enumerates over only fewer neighbor pairs.4 The next theorem gives a sense in which the new
algorithm’s running time is qualitatively better than that of the algorithm in Section 3.2.
Theorem 3.1 Assuming constant-time edge queries, the worst-case case running time of
the algorithm above is O(m3/2 ), where m is the number of edges.
First, a sanity check: we argued in Section 3.1 that every algorithm based on enumeration,
like the algorithm above, has running time Ω(n3 ) on graphs with Ω(n3 ) triangles, like a
clique on n vertices. A clique has m = Θ(n2 ) edges and Θ(n3 ) = Θ(m3/2 ) triangles, so this is
consistent with Theorem 3.1. Second, to compare with the algorithm in Section 3.2, consider
the star graph (Figure 2). The algorithm from Section 3.2 requires Θ(n2 ) = Θ(m2 ) time on
this graph, so it does not meet the guarantee of Theorem 3.1.
Proof of Theorem 3.1: Call a vertex v of the graph G big if its degree deg(v) is at least
√
m, and
√ small otherwise. (Recall m is the number of edges.) Observe that there are at
most 2√m big vertices: otherwise, the sum of the degrees of the graph would be more than
√
m · 2 m = 2m, which cannot be true. Thus, all but a relatively small number of vertices
have relatively small degrees.
2
Ties between vertices with equal degree are broken in some consistent way, for example alphabetically
by the “name” of a vertex.
3
To solve the second triangle-counting problem, v would increment running counters for u, v, and w.
4
The degrees of all vertices can be computed in O(m + n) time in a preprocessing step.
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The first motivation for defining this small vs. big dichotomy is that we already know
a good bound for the amount of work done by small vertices. Recall that even in the
unoptimized algorithm of Section 3.2, the work done at vertex v is O(deg(v)2 ); this is still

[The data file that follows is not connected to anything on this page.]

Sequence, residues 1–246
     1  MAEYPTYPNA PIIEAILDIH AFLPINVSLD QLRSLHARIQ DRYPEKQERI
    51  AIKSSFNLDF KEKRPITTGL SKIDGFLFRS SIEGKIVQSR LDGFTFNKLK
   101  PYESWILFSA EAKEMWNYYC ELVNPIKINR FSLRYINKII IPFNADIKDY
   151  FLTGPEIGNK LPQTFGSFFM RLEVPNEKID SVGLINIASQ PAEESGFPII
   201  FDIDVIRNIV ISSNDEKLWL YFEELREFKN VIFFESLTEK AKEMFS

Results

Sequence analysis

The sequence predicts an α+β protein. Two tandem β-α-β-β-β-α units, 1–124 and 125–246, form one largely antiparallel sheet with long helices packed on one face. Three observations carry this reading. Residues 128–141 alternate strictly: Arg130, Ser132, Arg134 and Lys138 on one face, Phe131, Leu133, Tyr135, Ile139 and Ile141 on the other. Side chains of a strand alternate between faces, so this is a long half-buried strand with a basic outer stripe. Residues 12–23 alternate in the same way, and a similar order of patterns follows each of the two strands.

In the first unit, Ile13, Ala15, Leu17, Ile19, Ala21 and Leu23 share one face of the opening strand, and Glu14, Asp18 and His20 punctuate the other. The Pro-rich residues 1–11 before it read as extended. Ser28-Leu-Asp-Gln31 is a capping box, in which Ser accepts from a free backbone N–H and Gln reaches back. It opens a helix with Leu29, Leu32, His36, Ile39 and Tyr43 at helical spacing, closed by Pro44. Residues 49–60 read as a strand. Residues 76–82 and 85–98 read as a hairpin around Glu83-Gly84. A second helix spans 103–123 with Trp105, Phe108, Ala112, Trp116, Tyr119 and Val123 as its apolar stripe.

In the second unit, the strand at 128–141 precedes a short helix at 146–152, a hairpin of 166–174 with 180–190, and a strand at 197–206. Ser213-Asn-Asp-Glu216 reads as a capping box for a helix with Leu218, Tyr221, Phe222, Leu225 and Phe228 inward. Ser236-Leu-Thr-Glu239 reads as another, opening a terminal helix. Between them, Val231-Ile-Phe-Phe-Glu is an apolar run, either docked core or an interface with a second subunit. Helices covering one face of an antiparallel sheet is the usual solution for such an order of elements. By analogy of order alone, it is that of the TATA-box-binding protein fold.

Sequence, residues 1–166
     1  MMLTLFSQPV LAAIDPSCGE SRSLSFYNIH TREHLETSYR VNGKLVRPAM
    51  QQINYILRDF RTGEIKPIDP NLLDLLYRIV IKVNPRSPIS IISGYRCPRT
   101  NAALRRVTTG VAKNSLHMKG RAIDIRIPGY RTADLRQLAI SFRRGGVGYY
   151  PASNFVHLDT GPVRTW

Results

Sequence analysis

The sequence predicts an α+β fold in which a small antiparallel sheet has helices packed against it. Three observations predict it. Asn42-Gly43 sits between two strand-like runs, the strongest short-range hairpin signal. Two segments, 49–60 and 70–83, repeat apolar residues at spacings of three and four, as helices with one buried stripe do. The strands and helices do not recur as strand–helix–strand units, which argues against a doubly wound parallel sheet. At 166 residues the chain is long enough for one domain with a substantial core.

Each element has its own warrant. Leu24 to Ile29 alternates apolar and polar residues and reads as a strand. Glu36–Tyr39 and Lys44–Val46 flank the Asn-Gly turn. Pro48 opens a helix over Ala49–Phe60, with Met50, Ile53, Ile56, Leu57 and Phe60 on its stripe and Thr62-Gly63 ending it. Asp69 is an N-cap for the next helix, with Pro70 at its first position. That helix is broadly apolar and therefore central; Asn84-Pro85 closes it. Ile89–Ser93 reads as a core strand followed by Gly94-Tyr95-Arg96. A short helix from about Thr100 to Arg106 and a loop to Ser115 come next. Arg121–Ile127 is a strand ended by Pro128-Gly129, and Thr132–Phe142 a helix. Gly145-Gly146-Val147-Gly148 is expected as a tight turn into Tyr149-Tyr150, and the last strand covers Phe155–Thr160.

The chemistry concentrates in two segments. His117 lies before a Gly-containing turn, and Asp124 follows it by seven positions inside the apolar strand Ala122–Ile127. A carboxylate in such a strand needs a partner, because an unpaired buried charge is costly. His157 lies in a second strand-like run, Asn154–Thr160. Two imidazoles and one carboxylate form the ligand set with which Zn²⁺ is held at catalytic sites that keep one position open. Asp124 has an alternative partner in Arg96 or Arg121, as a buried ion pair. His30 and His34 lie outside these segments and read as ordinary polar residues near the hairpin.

valid for the only better algorithm of this section. Thus, if S denotes the set of small vertices,
the total work done by the small vertices is
!
X
O
deg(v)2 .
(3)
v∈S
√
How big could the expression in (3) be? We have two things going for us: P
first, deg(v) ≤ m
for every (small) v ∈ S; second, since the sum of all degrees is exactly 2m, v∈S deg(v) ≤ 2m.
The way to maximize the expression in (3) subject to these two
the
√ constraints is to make√
individual terms as big as possible — this involves having 2 m vertices with degree m
each. We leave the formal proof as an exercise; it follows from the convexity of the function
f (x) = x2 . With the worst-case choice of the deg(v)’s, the expression in (3) is Θ(m3/2 ).
It remains to bound the work done by the big vertices. All work done by a big vertex v
corresponds to neighbor pairs u, w where u, w have even larger degree (and hence are also
big). Thus, the total work done by all big vertices is at most a constant
times the number
√
of triples u, v, w of big vertices. Recalling that there are at most 2 m big vertices, there are
at most 8m3/2 = O(m3/2 ) such triples.
Combining the bounds for the work done by small and by big vertices, the total work
done by the algorithm is O(m3/2 ), as claimed. References
[1] David Easley and Jon Kleinberg. Networks, Crowds, and Markets: Reasoning About a
Highly Connected World. Cambridge University Press, 2010.
[2] Siddharth Suri and Sergei Vassilvitskii. Counting triangles and the curse of the last reducer. In Proceedings of the 20th International Conference on World Wide Web (WWW),
pages 607–614, 2011.